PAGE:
Tardigrades are tiny, cute and virtually indestructible. The microscopic animals are able to survive in a pot of boiling water, at the bottom of a deep-sea trench or even in the cold, dark vacuum of space. In August, an Israeli spacecraft carrying tardigrades as part of a scientific experiment crashed on the moon, and scientists believe they may have survived.
The hundreds of species belonging to the phylum Tardigrada are so hardy that many could be here long after other life on Earth has perished, enduring as long as the sun continues to shine. It’s this uncanny ability to endure extreme conditions that has drawn the attention of scientists, who say tardigrades may hold the key to human survival. What we learn from ongoing research on tardigrades could help us stay alive on the operating table or in outer space.
What do tardigrades look like?
Tardigrades have long, plump bodies and eight stubby legs. They’re closely related to insects and crustaceans but look a bit like pigs or bears — and are sometimes called “water bears.”
“Their proportions are a little bit similar to a bear’s, and they’re kind of cute — at least some of them are cute to some people," Roger Chang, a Harvard University molecular biologist who studies tardigrades, said.
Most tardigrade species are less than half a millimeter long, around the size of a dust mite. Some species are larger, growing up to 1.5 millimeters, around the size of a grain of sand — big enough to be seen with the naked eye, according to Chang.
Where do tardigrades live?
Tardigrades are semi-aquatic. They can survive in watery as well as terrestrial environments — from oceans and lakes to mountains, forests and sand dunes. They're found all over the world, from frigid Antarctic glaciers to active lava fields. They’re most commonly found living in moss.
Most tardigrades eat algae and flowering plants, piercing plant cells and sucking out their contents though their tube-shaped mouths. Some, however, are carnivorous and may eat other tardigrades.
Tardigrades are nature’s pioneers, colonizing new, potentially harsh environments, providing food for larger creatures that follow. Scientists say, for instance, that tardigrades may have been among the first animals to leave the ocean and settle on dry land.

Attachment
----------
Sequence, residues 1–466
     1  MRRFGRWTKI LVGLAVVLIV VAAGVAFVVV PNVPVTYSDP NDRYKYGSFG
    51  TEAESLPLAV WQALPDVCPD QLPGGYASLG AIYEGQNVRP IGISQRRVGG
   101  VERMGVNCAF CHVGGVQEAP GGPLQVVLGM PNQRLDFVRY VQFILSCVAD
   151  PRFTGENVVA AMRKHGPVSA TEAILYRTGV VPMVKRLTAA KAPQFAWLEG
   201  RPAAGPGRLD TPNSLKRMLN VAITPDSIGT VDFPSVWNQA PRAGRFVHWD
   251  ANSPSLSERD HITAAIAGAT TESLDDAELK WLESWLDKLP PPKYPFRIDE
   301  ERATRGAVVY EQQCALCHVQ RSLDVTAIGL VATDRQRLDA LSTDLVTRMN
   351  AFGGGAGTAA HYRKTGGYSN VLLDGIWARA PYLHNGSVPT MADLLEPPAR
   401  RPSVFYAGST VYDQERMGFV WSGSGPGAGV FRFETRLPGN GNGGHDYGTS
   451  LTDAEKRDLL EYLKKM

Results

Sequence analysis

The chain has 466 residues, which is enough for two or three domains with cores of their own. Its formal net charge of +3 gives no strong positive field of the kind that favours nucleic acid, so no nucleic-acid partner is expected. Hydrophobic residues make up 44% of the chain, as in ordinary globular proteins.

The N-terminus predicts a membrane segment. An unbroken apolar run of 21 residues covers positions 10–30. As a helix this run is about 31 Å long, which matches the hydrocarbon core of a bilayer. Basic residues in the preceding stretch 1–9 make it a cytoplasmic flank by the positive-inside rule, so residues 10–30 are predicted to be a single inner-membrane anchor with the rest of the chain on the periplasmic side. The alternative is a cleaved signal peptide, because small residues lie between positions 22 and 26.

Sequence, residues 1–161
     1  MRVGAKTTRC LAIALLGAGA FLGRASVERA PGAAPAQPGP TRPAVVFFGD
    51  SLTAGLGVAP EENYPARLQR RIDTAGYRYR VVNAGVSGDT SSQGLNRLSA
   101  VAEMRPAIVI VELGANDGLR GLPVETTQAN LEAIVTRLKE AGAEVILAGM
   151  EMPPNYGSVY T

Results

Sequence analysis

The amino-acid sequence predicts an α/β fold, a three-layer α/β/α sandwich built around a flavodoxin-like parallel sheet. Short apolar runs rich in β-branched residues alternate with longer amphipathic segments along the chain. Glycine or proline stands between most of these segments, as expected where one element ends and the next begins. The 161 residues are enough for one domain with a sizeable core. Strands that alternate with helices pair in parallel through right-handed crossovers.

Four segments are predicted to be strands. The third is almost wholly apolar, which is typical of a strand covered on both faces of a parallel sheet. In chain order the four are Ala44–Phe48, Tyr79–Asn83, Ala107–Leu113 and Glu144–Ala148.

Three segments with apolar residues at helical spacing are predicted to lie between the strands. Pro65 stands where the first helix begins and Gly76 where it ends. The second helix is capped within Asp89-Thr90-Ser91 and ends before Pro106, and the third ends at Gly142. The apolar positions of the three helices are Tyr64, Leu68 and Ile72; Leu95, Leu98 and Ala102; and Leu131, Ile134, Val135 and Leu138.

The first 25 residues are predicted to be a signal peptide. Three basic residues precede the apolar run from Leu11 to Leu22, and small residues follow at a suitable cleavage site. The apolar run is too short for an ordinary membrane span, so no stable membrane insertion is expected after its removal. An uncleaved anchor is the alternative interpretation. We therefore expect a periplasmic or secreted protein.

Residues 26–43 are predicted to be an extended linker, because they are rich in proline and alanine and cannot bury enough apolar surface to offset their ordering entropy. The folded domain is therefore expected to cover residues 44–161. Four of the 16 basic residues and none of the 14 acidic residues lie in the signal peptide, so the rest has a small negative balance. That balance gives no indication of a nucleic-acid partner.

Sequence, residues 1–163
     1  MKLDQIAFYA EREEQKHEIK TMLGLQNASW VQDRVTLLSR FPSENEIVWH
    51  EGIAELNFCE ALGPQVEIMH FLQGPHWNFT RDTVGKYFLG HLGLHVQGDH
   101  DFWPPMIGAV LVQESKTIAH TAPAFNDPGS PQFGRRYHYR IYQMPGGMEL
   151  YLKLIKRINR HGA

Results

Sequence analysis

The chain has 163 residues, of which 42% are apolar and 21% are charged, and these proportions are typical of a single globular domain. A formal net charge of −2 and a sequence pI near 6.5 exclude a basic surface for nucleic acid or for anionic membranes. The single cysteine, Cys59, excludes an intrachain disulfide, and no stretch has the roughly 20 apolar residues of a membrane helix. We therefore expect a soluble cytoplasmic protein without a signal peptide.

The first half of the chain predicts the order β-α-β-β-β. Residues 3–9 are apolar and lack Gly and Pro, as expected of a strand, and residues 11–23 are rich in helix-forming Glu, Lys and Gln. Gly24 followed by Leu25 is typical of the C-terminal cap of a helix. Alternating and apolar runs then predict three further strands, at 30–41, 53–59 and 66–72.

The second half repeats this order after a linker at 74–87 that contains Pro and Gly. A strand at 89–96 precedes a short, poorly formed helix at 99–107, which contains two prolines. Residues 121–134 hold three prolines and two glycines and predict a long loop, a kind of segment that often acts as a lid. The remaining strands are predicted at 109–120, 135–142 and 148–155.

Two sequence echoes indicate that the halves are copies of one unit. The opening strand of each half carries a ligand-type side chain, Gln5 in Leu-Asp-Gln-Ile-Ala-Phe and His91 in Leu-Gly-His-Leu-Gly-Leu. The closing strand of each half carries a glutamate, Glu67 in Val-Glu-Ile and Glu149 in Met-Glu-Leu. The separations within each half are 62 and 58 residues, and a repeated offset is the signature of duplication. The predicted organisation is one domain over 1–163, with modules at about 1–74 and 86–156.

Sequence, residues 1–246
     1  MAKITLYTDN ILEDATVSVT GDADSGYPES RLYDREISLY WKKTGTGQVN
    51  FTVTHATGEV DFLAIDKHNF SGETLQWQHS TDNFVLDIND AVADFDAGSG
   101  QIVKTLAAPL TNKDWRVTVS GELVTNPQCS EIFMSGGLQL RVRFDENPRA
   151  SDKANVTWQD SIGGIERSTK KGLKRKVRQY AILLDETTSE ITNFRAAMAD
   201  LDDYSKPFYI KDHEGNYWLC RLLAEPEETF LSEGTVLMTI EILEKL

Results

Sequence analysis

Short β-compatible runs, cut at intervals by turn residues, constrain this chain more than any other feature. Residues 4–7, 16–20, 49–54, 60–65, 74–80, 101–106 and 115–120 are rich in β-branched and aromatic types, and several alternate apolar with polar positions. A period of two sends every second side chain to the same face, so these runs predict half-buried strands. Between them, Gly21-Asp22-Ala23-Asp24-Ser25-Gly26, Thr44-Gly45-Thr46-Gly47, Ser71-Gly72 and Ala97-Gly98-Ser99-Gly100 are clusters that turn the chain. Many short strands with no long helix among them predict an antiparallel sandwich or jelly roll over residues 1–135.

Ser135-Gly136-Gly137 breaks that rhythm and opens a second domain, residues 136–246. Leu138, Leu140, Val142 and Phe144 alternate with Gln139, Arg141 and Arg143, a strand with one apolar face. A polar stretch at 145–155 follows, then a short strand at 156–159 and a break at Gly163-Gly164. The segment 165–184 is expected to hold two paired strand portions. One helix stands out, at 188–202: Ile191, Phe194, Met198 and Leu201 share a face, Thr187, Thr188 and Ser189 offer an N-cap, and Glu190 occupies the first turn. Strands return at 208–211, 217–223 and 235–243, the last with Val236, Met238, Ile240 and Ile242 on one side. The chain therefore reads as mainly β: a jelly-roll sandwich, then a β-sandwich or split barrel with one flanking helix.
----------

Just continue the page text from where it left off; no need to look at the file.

Tardigrades pose no threat to humans. Scientists have yet to identify a species of tardigrade that spreads disease.
What's the lifespan of a tardigrade?
Tardigrades typically live for only a few months when fully active. When short on water, they may curl up in a ball, entering the “tun” state — so named because it looks like a large barrel called a “tun.”
In this state, a tardigrade grows a glass-like protective coating and slows its metabolism to 0.01 percent of the usual rate. Chang said a tardigrade could potentially survive for centuries like this, though it wouldn’t be much of a life. The tun state looks more like a temporary death than a long hibernation.
“What do you call alive, exactly?” Chang said. “It’s kind of a matter of semantics.”
Are tardigrades immortal?
In their active state, tardigrades are decidedly mortal. Chang said he has accidentally killed countless tardigrades by starving them or drying them out too fast. Once he inadvertently sent a test tube full of them through an airport security scanner.
“They are actually relatively easy to kill when they’re not in this tun state,” he said. “They are really just as fragile as most microscopic animals.”
As tuns, however, tardigrades can endure radiation, extreme pressure and extreme heat and cold, including temperatures near absolute zero.
Scientists have subjected tardigrades to all manner of insult to test their hardiness. For one study, Japanese researchers froze tardigrades for 30 years before reviving them and watching them reproduce. For another, the European Space Agency sent tardigrades into space to see how they would cope with solar radiation — and a handful actually managed to survive.
How are tardigrades used in scientific research?
German pastor J.A.E. Goeze published the first paper on tardigrades in 1773. Scientists have long studied the creatures to better understand how animals could persist in the most hostile environments. In recent years, researchers have been working to apply what they learned to humans.
Chang and his colleagues hope to imbue humans cells with a tardigrade’s ability to shut down temporarily, aiming to develop synthetic proteins like those discharged by water bears as they enter the tun state. These synthetic proteins could be used, for example, to preserve organs needed for transplants, potentially keeping organs viable for longer than is possible by storing them on ice.
Someday it may be possible to use what we learn from tardigrades to aid victims of strokes or heart attack by protecting their vital organs against further damage as they await treatment, or to help technicians working in nuclear power plants to guard against radiation, or conceivably, to help astronauts to survive on long spaceflights.
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